Four people are dead in two separate accidents in Central Ohio. In Pataskala, investigators say a head-on collision on East Broad took three lives. One vehicle crossed the center line. Early this morning, the driver of a pick-up truck was killed when he slammed into a tree in a residential area south of Route 104 [...]
WOSU News Archives For July 2004
Those opposed to the new smoking ban in Columbus have collected nearly 15-thousand signatures in an effort to put the issue on the ballot.
Finding housing that suits the needs of the disabled is no easy task.
Searching for housing suited for the needs of the disabled is no easy task.
Columbus School Board members today approved the millage for this November’s ballot. Despite a range from 6.75 to 7.75 mils board members voted on a number in the middle.
Ohio growers saw early ripening of strawberries and sweet corn. Now, a fall favorite appears to be on the fast track as well.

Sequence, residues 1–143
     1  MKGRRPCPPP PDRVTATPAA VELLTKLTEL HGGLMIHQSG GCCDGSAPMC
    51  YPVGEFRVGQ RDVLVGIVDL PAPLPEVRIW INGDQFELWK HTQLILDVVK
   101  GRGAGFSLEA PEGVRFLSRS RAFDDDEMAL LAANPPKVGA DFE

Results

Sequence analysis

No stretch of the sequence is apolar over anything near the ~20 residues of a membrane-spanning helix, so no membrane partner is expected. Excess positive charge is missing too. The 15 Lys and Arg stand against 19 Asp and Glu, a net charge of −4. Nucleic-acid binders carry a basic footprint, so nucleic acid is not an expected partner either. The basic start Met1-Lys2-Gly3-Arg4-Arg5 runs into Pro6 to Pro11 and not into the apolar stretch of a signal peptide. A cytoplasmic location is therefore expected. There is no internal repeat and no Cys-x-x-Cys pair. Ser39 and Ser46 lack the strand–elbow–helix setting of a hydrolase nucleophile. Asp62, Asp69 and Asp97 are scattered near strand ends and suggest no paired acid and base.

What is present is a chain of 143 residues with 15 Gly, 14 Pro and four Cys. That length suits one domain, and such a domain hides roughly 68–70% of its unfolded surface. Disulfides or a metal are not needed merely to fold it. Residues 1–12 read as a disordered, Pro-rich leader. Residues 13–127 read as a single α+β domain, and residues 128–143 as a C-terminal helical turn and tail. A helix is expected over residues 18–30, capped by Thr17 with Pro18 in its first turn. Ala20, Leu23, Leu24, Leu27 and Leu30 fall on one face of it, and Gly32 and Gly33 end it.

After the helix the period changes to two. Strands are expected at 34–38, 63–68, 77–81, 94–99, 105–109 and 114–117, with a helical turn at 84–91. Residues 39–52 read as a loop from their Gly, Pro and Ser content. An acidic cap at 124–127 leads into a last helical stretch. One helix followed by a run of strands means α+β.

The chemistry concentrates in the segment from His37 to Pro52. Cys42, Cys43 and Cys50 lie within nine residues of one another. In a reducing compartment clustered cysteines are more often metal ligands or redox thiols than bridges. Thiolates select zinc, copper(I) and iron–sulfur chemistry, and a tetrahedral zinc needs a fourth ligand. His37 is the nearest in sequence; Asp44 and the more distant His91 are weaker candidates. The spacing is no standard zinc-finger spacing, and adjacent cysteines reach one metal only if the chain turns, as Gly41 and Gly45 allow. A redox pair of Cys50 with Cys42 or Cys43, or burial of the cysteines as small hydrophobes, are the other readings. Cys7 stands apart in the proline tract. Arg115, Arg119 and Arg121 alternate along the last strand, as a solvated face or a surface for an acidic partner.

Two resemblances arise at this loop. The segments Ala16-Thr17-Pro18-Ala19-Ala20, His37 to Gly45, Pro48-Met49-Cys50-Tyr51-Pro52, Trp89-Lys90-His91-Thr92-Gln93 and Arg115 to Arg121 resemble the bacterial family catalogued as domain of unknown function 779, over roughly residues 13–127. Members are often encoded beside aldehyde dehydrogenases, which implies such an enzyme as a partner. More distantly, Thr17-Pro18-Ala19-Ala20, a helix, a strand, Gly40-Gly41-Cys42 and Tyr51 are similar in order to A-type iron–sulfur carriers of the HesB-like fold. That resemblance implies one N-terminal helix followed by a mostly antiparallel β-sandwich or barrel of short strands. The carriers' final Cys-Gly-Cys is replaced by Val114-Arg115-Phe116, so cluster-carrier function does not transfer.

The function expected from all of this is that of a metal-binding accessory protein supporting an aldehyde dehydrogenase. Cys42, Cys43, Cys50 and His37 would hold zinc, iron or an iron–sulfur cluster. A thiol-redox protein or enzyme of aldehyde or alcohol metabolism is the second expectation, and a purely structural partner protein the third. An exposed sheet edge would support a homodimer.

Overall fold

Trucking companies across the country are posting help wanted signs and raising hiring incentives as the manufacturing economy appears to slowly recover. But, a combination of volatile diesel prices, new federal rules, and a shrinking workforce pool is creating a significant shortage of truck drivers.
Regional leaders from the United States and Canada just proposed the Great Lakes Compact that allows water diversion from the lakes and improves their water quality.
The soon-to-be-vacated 94-year-old Lazarusstore in downtown Columbus will be transformed into an arts andscience center.
Researchers at Ohio State University are studying bugs to learn more about humans. WOSU science reporter Sarah Harris looks at three interesting studies in a three part series. In part 1, she reports moths may help researchers understand how human brains work.
Researchers at Ohio State University are studying bugs to learn more about humans. WOSU science reporter Sarah Harris looks at three interesting studies in a three part series. In part 2, she reports drunk bees may help scientists understand similar behavior in humans.